In LEO/Mil

April 01, 2008

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By the time trainees enter the fourth and inal phase of our pre-SOF training program, they have been subjected to a steadily increasing regimen designed to provide a sample of the physical and mental challenges they will encounter in military special operations training pipelines. Like a vaccine, this stimulus is strategically designed to elicit physical and neurological responses and adaptations that will aid them when faced with the reality of what it takes to become a member of the elite United States Special Operations Command (USSOCOM). The "Land" phase is the culmination of our program, and it is by far the most rigorous of the four phases.

Special considerations - Rucksacks

In the field, when it comes to moving gear and equipment over long distances on foot, the preferred means is the rucksack (backpack). There are literally dozens of different manufacturers and, for the purposes of combat, the design, usefulness, and durability of the rucksack is paramount. In training, however, the most important element in choosing one is not how battle-ready it is, but how comfortable it feels. In training, rucksacks are loaded with everything from sand bags to bumper plates, and the weight can vary from 25 to 70 pounds.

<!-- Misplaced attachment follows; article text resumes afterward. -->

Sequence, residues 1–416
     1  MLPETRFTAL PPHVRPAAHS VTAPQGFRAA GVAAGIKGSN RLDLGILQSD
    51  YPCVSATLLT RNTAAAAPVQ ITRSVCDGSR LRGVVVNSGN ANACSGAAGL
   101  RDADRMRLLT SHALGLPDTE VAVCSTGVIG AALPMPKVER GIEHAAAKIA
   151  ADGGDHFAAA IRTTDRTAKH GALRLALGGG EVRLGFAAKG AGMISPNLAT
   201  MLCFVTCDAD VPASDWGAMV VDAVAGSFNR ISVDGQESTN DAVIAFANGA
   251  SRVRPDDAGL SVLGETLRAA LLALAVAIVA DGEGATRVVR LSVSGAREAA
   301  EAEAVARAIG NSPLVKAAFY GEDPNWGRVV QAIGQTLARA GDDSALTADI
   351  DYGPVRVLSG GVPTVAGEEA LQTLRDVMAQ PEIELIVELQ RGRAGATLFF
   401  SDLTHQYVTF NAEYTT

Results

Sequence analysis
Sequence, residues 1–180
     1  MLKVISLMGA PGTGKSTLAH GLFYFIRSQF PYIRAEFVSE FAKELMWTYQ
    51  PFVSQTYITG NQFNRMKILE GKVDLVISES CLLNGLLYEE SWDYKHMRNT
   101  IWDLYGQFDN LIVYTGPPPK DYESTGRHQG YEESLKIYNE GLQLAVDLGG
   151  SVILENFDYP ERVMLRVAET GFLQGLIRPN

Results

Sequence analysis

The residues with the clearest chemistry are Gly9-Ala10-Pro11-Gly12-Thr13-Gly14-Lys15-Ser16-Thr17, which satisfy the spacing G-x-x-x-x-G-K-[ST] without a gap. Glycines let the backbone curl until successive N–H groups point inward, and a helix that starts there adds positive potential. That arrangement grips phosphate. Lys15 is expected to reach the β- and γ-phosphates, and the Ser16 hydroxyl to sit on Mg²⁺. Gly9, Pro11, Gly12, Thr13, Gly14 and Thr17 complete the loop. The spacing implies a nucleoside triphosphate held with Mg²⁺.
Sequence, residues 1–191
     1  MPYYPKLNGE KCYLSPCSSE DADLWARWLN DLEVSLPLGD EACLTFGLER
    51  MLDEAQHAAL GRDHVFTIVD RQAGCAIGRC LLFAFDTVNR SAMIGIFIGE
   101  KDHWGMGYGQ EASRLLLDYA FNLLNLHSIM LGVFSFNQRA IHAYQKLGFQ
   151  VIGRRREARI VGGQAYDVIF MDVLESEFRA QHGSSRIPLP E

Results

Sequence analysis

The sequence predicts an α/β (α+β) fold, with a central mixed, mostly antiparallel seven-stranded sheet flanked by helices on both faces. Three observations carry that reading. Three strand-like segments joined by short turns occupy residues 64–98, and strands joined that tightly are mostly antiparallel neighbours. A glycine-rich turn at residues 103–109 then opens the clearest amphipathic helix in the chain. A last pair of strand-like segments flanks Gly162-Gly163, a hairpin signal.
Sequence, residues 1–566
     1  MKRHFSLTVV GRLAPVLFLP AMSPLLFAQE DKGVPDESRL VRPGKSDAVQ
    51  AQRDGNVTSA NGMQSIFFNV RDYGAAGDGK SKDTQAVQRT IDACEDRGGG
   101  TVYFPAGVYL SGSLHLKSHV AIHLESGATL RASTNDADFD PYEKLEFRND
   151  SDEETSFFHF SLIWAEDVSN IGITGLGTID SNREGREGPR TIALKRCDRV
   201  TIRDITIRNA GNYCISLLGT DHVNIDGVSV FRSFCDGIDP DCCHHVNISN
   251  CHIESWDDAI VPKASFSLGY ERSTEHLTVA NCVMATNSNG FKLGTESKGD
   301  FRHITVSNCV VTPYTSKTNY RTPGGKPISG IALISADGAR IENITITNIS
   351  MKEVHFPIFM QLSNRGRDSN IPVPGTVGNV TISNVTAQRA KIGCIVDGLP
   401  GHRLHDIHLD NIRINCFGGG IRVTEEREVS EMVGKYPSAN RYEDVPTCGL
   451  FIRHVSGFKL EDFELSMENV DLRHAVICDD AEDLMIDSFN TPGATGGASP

In our pre-SOF training, trainees are required to provide their own rucksacks. The following provide helpful instructions on how to properly it a rucksack.

1) Get the hip belt in the right place. The majority of the weight from a rucksack should be transmitted through the hip belt straight onto your hips.

2) Adjust the shoulder straps. Once the hip belt is comfortably sitting on your hips, the next step is to tighten the shoulder straps (having first ensured that any load adjusters are fully loosened); don't overtighten them, though, or you may lift the hip belt off your hips.

3) Adjust the back length. Many rucksacks (especially larger ones) have adjustable back systems on them; you may need to alter the back length to achieve a precise it. As a rough guide, when the back is set to the correct length, the angle described between the pack and the shoulder straps should be about 30 degrees.

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